Last Saturday, almost 100 participants attended a hastily put together peaceful protest in Flemington’s Borough Park in support of those African-Americans, who like George Floyd, lost their lives to police brutality. 

However, today an estimated crowd of 1500 COVID19 masked supporters marched from the Justice Center on Park Avenue to Main Street in front of the Historic Courthouse - once again with their shouts of “No Justice, No Peace,”, “Hands up, don’t shoot”, and “Black Lives Matter.” 

Leading the march were Congressman Tom Malinowski (NJ-7), Flemington Mayor Betsy Driver, and Flemington Police Chief Jerry Rotella. This event was put together as a collaboration between several of the same Hunterdon Central High School students who organized the May 30th rally, Black Lives Matter Hunterdon, and the County Democratic Party. 

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The invite posted on social media indicated that the event was “not a political issue”, and that “enough citizens have reached out to express their frustration.” Upon its arrival at Main Street, the mostly young gathering filled the closed to traffic street from just beyond the Police Station at one end to beyond the Post Office at the other. 

Waiting to greet the peaceful procession was a Main Street with the ‘blue line’ removed, and the ‘Black Lives Matter' sign back in the window of 90 Main Street, home of the creative space Flemington DIY. Both of these symbols had proven very controversial several years back in 2016. 

“Flemington was honored to host the approximately 1500 peaceful protestors. Their message was loud and clear: black lives matter and we need to recognize this,” noted Mayor Driver.

Hand-painted signs were more varied than ones seen before at other protests in the County - coming in many shapes and sizes, with distinctive messages: 

- From a combat veteran in full uniform: “I swore an OATH to defend the people, so I STAND with the people.” 

- Two young Christian students held a sign that bore the message, “Racism = Sin. Repent. Matthew 4:17. Black Lives Matter.”

- Five young Hunterdon Central student organizers of the event wore shirts with George Floyd’s photo on one side, and “Black Lives Matter” on the other.

- One young boy under five years of age stood with his parents with a placard on a stick that read, “I want black people to stop dying.”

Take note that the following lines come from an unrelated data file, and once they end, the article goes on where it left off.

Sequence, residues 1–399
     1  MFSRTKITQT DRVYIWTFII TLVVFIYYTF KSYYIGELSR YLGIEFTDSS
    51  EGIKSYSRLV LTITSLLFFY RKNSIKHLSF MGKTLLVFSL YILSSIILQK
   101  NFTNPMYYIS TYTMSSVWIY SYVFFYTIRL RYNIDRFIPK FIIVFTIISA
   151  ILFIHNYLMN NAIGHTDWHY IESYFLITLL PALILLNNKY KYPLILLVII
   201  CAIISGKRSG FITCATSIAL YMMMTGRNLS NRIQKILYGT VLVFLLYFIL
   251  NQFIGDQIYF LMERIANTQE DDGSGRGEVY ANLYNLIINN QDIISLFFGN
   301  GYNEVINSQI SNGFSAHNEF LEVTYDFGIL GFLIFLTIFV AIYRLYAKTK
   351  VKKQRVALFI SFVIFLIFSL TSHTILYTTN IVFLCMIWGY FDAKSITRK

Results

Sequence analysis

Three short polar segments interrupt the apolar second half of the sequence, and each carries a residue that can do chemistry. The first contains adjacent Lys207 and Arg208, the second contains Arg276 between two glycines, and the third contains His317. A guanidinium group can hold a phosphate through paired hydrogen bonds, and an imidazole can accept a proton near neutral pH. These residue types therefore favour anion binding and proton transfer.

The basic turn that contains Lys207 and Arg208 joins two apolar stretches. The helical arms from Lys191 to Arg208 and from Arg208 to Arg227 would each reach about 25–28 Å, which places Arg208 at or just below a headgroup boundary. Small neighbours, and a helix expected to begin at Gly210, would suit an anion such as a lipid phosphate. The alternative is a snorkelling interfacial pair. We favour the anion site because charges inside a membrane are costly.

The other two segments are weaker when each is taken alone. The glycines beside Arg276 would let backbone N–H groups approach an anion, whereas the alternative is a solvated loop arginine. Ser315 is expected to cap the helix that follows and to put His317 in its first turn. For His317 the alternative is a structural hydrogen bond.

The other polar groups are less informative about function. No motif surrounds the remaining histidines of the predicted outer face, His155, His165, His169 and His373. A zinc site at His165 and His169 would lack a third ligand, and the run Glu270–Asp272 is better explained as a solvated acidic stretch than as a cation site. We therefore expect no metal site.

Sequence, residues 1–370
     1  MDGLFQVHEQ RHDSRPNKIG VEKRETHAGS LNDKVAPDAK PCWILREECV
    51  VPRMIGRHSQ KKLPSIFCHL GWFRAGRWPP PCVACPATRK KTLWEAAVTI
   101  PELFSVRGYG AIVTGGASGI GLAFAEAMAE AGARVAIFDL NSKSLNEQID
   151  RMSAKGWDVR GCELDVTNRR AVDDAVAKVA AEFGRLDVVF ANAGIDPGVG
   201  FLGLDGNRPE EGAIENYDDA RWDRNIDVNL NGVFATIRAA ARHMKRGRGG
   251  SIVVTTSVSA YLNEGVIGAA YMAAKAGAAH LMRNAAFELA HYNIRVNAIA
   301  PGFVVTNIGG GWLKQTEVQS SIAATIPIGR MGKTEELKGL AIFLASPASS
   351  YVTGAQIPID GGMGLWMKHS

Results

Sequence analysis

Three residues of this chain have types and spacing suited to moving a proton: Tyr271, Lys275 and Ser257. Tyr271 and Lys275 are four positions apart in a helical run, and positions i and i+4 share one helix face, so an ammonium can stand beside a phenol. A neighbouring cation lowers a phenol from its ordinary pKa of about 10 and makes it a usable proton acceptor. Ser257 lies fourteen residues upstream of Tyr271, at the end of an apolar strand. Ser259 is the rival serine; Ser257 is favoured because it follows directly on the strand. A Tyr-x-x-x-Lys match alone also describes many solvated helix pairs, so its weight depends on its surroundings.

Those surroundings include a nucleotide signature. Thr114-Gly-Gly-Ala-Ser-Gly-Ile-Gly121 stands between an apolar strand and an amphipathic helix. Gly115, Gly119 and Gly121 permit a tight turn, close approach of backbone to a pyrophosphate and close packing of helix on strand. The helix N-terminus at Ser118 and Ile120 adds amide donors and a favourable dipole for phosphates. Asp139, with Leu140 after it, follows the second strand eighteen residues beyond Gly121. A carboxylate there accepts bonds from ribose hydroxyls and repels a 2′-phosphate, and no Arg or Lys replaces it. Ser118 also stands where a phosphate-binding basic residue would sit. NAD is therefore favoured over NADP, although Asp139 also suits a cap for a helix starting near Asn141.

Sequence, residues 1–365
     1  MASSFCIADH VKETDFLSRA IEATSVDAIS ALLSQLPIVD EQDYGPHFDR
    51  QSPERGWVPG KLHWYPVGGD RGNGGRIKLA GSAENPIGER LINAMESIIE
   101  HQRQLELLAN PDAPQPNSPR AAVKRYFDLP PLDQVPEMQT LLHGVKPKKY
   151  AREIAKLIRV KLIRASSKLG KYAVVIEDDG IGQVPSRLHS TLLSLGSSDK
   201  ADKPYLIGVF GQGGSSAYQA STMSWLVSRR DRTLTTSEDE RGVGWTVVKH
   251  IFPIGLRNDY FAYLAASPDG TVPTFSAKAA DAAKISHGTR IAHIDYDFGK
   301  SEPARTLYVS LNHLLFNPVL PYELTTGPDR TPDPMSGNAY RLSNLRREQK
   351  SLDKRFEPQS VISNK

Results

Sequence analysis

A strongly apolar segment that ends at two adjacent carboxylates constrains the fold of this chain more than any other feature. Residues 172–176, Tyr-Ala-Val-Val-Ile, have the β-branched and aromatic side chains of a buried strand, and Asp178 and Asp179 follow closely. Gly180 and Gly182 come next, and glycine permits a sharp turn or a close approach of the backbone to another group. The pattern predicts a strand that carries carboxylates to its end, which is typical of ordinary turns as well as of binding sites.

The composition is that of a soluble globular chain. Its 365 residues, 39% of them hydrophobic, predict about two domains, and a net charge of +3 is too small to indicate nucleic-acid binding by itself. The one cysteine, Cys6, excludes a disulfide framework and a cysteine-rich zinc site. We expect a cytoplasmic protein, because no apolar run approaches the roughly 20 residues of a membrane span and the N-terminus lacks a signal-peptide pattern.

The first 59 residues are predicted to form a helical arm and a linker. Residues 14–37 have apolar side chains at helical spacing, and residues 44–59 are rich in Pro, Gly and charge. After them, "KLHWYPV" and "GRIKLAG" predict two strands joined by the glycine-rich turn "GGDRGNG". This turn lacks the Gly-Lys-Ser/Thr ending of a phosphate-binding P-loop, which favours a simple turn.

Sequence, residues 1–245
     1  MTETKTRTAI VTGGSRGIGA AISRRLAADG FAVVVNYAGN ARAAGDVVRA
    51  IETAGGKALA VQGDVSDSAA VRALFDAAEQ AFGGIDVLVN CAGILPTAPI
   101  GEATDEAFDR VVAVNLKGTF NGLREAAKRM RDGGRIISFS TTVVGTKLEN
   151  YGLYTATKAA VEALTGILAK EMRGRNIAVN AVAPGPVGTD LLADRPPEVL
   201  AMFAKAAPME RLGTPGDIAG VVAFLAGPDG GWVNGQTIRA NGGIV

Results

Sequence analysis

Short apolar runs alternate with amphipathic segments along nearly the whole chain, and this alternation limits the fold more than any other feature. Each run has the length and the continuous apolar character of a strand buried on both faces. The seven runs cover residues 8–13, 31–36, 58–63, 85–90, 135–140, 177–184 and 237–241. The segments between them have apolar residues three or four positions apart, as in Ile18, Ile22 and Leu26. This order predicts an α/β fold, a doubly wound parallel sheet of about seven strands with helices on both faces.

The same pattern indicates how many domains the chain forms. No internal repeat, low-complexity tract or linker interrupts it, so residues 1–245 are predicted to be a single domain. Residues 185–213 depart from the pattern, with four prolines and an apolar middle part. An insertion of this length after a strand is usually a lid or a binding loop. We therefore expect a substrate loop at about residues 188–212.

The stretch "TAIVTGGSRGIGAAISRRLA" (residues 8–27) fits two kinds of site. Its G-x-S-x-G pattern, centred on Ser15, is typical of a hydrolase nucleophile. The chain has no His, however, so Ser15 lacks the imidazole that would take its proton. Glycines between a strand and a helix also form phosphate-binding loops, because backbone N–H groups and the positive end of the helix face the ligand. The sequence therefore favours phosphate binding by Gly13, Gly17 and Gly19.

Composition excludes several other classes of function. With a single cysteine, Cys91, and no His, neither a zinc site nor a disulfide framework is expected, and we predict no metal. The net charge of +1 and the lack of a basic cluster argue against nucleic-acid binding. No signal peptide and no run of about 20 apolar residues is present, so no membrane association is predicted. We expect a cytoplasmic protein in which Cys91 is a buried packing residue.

- A face-mask worn by a local leader in the Latina community, Patricia Campos-Medina, provided the message, “Here to Stay! Stand-up - Fight Back”. Campos-Medina shared, “As Americans we all have value. We have people who have fought all their lives….this is a fight against white nationalism in the United States. We stand in solidarity with Black Lives Matter. We stand together not one day, not one week, but all our lives.”


Congressman Tom Malinowski, who represents Flemington in Washington, D.C. had some choice words to share,”There are people in this country who are trying to divide us. They do not want us to stand united. There are people in this country who want to pit blacks against whites. Who want to pit civilians against police. We do not listen to those people. We do not follow those people...We need leaders who say ‘I may not have caused that problem, but it is my responsibility to solve that problem.’ “

Not all presenters gave speeches: one student-led the crowd a very moving rendition of singer Bill Withers’  “Lean On Me”. Another read the Langston Hughes’ classic poem, “Harlem”:  

      What happens to a dream deferred?
      Does it dry up
      like a raisin in the sun?
      Or fester like a sore—
      And then run?
      Does it stink like rotten meat?
      Or crust and sugar over—
      like a syrupy sweet?
      Maybe it just sags
      like a heavy load.
      Or does it explode? 


“The young people who organized today’s event are to be commended. They are our future and they made it obvious that our future is in good hands” added Mayor Driver regarding the peaceful protest and the positive message.

The protest closed with a silent vigil, with all on a knee for eight minutes 42 seconds, the approximate length of time the Minneapolis police officer kept his knee on Floyd's neck.